A delegation of railroad officials told Evergreen Park leaders on Monday of their plans to gradually but significantly increase the volume of local rail traffic that rolls past the front door of Village Hall.
Specifically, CSX Transportation (CSXT) officials announced that pending an anticipated federal approval, rail traffic will increase from the current four trains a day to as many as 23 trains daily over the next several years, drawing gasps from a few audience members and concerns from several trustees.
Tom Livingston, CSXT Regional Vice President - Midwest Government Affairs, said the planned increase would be phased in over a five year period starting in mid-2013.
CSXT officials claimed that the increase in local rail traffic will be minimally disruptive---noting that their trains typically move at a 35-40 mile-per-hour clip; that a train will take only about two and a half minutes at a typical grade crossing, and that the plan calls for the trains not to be hindered by the slowdowns or stop/starts characterized by other rail companies.
CSXT officials do not need the formal approval of village officials and were not asking for any, but said they were there as a good neighbor essentially paying a courtesy call.
Village officials voiced several concerns about the planned increase. One major concern of Mayor James Sexton and others was increased rail traffic hampering response times and effectiveness of first responders like firefighters, paramedics and police.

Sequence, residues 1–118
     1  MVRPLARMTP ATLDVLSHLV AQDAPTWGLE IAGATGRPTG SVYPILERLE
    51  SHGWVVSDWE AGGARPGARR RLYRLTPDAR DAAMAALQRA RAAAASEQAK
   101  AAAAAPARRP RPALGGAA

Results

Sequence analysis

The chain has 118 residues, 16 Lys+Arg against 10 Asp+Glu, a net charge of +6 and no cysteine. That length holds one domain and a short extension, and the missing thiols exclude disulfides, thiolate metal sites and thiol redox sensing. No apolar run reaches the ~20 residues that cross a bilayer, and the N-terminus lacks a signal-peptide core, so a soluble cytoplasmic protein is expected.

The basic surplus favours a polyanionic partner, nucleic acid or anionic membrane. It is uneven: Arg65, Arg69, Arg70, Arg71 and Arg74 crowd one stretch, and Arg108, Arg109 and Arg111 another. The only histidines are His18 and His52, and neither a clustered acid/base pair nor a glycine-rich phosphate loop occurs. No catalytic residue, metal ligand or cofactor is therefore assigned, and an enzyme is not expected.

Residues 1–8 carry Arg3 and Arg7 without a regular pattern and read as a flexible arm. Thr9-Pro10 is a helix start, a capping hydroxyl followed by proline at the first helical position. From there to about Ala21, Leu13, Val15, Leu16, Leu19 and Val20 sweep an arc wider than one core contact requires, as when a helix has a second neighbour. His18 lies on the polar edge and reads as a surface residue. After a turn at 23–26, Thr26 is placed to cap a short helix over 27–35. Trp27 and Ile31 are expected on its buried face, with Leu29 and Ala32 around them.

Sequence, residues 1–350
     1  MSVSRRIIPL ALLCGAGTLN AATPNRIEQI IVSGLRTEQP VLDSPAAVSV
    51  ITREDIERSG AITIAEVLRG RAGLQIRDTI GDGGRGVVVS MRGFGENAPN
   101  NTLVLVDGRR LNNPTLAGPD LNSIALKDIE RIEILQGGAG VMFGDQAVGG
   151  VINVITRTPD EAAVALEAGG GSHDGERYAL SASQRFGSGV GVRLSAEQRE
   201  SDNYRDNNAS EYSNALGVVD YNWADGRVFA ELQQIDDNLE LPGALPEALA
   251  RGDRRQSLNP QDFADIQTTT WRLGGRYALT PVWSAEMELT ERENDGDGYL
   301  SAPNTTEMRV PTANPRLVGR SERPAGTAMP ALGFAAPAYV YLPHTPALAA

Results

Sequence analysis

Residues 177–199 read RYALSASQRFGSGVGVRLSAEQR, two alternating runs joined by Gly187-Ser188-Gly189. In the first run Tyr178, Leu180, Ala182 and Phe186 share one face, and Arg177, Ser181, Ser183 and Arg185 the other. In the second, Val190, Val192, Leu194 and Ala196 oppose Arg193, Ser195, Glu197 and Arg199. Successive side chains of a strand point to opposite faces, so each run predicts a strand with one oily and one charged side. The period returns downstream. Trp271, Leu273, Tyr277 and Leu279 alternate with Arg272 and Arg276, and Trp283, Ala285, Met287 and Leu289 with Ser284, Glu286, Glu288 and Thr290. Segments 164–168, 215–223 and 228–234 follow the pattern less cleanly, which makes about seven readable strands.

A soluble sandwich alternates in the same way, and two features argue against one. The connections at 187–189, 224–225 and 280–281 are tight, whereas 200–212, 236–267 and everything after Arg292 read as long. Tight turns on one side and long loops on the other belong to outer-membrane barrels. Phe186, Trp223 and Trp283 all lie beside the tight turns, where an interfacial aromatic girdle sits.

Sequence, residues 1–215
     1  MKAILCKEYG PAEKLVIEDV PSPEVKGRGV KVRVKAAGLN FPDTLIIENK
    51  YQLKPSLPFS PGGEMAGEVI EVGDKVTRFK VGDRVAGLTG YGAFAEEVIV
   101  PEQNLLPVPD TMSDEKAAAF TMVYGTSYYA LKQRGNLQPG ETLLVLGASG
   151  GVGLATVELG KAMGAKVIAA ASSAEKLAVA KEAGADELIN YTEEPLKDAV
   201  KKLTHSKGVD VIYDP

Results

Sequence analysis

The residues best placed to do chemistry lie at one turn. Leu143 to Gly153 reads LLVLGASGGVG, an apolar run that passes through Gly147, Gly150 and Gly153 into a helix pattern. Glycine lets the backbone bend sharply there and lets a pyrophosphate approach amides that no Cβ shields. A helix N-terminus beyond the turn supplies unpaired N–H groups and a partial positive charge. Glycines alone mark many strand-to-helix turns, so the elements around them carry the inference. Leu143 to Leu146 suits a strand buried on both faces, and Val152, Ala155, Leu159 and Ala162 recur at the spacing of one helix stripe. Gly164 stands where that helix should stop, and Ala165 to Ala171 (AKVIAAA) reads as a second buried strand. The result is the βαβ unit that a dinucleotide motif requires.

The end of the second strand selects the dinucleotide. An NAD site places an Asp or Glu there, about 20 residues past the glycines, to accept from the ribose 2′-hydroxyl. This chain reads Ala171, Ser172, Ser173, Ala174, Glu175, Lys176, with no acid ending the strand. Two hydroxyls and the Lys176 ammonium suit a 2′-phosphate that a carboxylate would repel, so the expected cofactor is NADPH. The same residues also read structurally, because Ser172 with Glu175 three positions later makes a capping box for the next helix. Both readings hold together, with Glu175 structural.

The mayor spoke about the importance of 95th Street as a major path for ambulances to Little Company of Mary Hospital, as well as Advocate Christ Hospital and Medical Center in Oak Lawn, the area’s only Level I trauma center.
Even though Livingston said there was a way to call CSX to have the train stopped and cars unhooked in an emergency, Sexton said, “First responders don’t have time to make calls.”
Livingston only had a one word reply to Sexton, when Sexton asked if the railroad company considered building an underpass, “Yes.”
The trains would run seven days a week, except during weekday rush hours, 5 to 9 a.m. in the morning and 4 to 7:30 p.m. in the evening. Trustee Mark Marzullo indicated rush hours started earlier in Evergreen Park and invited train officials to observe traffic at 3 p.m.
In response to Trustee Mary Keane’s question on what the train cars would be carrying, John Bradley, Chicago division chief, explained the cars would include materials such as electronics or supermarket items—essentially the same as they carry now.
“I lived close to railroad tracks,” added Trustee James McQuillan in a concern he voiced about the length and weight of the freight cars, “and you could tell when they were loaded with something heavy. The whole house shook.”
Livingston responded by saying CSXT wants to maintain a quiet zone and would weld the tracks together to reduce train noise. The process usually takes two weeks for each section of track welded together. The whole operation would occur over a few years.
Rail officials pledged to stay in contact with hospitals and emergency personnel about the train schedules, which can change every few months.
“We’re confident we can make this work,” Livingston said.
Nearly three months ago, CSX submitted an application to the federal Surface Transportation Board “…to acquire a 22.37-mile exclusive, perpetual nonassignable railroad operating easement” that runs between Chicago’s Southwest Side (the Elsdon Yard) and Munster, Indiana, from the Grand Trunk Western Railroad Company.
According to the CSX application, “the benefits of the proposed transaction will be CSXT's more efficient operation in the Chicago Terminal, saving CSXT in excess of $2 million per year and reducing congestion on other lines within the Chicago Terminal that CSXT is using today.”
CSX’s application notes that its trains typically have an average train length of 5,400 to 6,000 feet and an average weight of 5,500 to 6,300 tons per train. “CSXT does not expect that the rerouting of trains from their current routes to the Elsdon Line will result in material changes in average train length, average tonnage, or commodity profile,” their application states.